WTF are Facebook’s first-party cookies for pixel?


Amid the rise of government regulations on data privacy and restrictions from browsers on tracking, Facebook won’t let the lifeblood of its advertising system fall. The platform has released first-party cookies for Facebook Pixel, an expansion of its current system of third-party cookies, so advertisers can keep tracking user activity on other sites and retarget them with Facebook ads. Here’s what marketers need to know:

Why is this happening?
Let’s start with some Cookies 101 before we get there. A first-party cookie means a piece of code is created by the actual site a user is on. A third-party cookie is available on that same site but created by a different entity. If a Facebook pixel is on the site, Facebook can then add a third-party cookie to a user’s browsing activity.

The launch of Facebook’s first-party cookies means Facebook will now create cookies that pass data back to Facebook as long as the sites have established a first-party relationship. This change was made in light of web browsers like Apple’s Safari, Mozilla’s Firefox and ad blocking preventing third-party cookies from being trackable.

Is this just a way to get around clampdowns on the use of data in digital advertising?
You might be onto something.

“Apple and Firefox recently announced that they will be blocking third-party cookies where the domain of the cookie does not match the domain of the host site, so Facebook is rolling out first-party cookies to fight this since they cannot be blocked. It’s a huge win for marketers and a quick roll-out,” said Chris Mikulin, a digital strategist at digital agency Calder Bateman.

The move also may have been to get ahead of any regulations similar to General Data Protection Regulations in the U.S., Mikulin said.

How does Facebook paint it?
Facebook spokesperson Joe Osborne emailed, “We are offering a first-party cookie option for the Facebook pixel to help businesses continue understanding site activity and ad attribution across browsers. This change is in line with updates made by other online platforms, as the use of first-party cookies for ads and analytics is becoming the preferred approach by some browsers. The controls people have over ads will not change.”

What do advertisers need to do?
The first-party cookies go live on Oct. 24. Prior to that date and after, advertisers can choose whether to have first-party or third-party cookies in their pixels by logging into their account and going to Facebook’s “Events Manager.” Under “Pixel and Cookie Settings,” advertisers can choose to turn off first-party cookies. Any new pixels will automatically include first-party cookies unless advertisers opt out.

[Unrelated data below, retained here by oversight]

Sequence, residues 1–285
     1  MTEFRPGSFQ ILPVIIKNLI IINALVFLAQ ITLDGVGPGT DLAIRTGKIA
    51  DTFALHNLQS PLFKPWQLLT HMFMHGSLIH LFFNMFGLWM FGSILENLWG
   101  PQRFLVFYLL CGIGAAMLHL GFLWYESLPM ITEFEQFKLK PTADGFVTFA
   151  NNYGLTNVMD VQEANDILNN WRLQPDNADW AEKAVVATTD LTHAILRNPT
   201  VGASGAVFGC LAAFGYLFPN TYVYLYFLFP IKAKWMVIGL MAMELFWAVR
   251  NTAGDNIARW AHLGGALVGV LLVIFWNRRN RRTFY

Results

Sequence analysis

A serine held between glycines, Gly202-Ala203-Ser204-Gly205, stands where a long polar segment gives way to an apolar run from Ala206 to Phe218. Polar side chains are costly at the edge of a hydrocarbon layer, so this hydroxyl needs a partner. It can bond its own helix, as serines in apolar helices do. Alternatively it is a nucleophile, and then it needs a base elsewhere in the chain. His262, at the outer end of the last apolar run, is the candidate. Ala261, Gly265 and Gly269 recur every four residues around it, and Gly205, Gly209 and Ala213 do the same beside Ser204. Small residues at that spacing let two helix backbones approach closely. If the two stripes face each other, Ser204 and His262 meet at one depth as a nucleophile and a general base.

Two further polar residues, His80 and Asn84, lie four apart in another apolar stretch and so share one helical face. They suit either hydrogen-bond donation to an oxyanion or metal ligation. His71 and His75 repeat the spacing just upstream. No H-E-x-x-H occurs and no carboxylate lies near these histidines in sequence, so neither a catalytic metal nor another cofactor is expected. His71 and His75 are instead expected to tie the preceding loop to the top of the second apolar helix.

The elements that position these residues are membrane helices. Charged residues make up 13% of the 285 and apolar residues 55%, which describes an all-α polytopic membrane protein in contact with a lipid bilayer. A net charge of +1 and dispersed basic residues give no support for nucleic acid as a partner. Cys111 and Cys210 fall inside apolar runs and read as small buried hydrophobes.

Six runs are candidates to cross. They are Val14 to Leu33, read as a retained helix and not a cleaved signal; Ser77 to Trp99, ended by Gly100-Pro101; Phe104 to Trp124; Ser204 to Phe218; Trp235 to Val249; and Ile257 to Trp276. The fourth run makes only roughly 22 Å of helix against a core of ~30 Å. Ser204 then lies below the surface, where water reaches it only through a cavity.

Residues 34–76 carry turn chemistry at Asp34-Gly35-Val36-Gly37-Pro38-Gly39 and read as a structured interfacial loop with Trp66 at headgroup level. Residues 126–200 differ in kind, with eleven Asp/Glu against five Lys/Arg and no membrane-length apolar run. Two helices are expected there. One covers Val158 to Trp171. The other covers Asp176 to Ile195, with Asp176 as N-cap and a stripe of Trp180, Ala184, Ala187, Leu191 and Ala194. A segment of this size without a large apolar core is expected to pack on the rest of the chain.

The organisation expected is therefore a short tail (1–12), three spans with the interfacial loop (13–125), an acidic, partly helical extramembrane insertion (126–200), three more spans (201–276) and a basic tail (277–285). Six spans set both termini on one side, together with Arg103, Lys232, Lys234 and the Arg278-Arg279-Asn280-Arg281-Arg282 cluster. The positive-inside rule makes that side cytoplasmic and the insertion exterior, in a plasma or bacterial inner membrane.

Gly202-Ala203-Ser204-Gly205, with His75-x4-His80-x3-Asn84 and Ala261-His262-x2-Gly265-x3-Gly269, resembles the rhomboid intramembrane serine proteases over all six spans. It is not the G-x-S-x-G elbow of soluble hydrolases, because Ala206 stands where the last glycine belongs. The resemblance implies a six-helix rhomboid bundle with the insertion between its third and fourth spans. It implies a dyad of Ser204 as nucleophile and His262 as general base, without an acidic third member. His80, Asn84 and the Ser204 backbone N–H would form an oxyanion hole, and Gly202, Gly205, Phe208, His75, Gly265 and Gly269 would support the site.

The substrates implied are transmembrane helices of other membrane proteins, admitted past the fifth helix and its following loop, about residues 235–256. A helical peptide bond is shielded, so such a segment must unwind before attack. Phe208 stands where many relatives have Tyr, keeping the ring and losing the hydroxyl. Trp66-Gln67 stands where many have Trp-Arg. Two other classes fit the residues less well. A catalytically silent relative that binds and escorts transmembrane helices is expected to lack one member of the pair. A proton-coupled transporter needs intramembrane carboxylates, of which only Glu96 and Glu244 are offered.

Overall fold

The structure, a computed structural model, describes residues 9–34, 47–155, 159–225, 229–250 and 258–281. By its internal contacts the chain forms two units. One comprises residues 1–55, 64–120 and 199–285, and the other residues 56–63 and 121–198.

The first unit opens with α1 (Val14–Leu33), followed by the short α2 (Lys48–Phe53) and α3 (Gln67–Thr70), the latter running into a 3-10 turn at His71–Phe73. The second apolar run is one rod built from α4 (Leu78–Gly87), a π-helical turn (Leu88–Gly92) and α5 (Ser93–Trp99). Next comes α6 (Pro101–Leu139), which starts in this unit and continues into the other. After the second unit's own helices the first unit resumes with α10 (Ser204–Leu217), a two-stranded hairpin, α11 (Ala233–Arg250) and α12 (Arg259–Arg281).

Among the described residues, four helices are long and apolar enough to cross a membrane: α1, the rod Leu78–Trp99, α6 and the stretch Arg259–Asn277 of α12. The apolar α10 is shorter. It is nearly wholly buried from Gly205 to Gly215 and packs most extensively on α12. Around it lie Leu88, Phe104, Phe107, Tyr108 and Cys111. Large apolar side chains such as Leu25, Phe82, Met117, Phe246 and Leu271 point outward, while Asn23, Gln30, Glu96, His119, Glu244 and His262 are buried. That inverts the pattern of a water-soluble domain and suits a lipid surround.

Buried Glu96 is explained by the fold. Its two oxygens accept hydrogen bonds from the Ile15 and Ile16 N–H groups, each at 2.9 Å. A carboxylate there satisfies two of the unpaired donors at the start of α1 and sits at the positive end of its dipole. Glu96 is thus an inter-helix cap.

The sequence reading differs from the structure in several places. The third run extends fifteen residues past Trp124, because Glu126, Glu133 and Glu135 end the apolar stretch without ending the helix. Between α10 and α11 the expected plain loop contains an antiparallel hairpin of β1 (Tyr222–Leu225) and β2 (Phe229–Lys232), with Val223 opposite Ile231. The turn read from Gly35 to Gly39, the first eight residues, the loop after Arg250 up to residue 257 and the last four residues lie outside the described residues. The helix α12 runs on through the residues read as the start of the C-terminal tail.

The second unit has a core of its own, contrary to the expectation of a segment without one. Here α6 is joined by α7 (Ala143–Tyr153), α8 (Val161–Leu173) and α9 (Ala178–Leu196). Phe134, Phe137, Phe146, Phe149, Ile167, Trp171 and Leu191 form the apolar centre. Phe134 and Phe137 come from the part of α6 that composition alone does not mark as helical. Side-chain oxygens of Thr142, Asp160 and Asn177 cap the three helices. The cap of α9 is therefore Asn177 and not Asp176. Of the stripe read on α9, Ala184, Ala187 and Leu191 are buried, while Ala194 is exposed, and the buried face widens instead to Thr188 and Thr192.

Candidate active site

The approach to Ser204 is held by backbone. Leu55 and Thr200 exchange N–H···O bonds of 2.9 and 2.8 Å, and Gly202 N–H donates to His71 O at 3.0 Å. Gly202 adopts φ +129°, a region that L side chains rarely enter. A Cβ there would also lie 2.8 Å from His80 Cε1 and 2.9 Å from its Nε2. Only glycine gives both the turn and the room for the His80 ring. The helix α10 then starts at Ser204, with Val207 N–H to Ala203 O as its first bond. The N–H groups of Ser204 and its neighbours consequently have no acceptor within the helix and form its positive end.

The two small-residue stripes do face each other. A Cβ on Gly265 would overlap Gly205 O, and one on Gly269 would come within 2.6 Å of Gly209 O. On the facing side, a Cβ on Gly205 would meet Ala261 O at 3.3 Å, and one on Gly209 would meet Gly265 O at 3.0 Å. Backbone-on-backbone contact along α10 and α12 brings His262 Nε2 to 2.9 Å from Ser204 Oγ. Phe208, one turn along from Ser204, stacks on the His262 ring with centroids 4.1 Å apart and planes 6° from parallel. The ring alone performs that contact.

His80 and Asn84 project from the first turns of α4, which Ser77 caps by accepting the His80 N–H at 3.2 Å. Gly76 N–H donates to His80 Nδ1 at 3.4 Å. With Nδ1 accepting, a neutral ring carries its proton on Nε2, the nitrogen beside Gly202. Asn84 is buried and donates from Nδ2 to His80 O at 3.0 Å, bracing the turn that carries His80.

Do marketers need first-party and third-party cookies?
For most advertisers, the answer is yes if they want to make the most complete set of data.

“Generally speaking marketers will want to adopt first-party cookies to cover all bases and ensure less disruption from third-party cookie blockers,” said Aaron Goldman, chief marketing officer of 4C Insights.

Advertisers should use both types of cookies if they want to keep making custom audiences on Facebook based off of the data they receive from a pixel as well if they want to better optimize dynamic ads. If not, brands will have to continue to operate without data from Safari users or those protected by GDPR.

“You’d be missing out on data [if you didn’t] especially if you’re already running ads where, like, 50 percent or more of mobile visits come from in-app Safari,” Mikulin said.

Indeed, Facebook wrote in its blog post, “using both first and third-party cookies will enable you to reach more customers on Facebook and to be more accurate in measurement and reporting.”

Why opt out of first-party cookies?
Facebook is taking the opt-out approach for the first-party pixel, and advertisers may need to select that if the industry they market for has extremely tight data restrictions. That could mean the medical or financial industries.

“The exception might be brands in heavily regulated industries for whom this type of data sharing may be problematic,” Goldman said.

Lizzie Chapman, vp of paid media at VaynerMedia, said that the majority of brands are already using platform first-party cookies with Google and Microsoft.

“There may be concerns about respecting user privacy, but users still have the ability to block first-party cookies. Facebook joining the party shouldn’t set off any alarms. Any brand that is not collecting sensitive information, such as healthcare, should adopt Facebook’s first-party cookie,” Chapman said.

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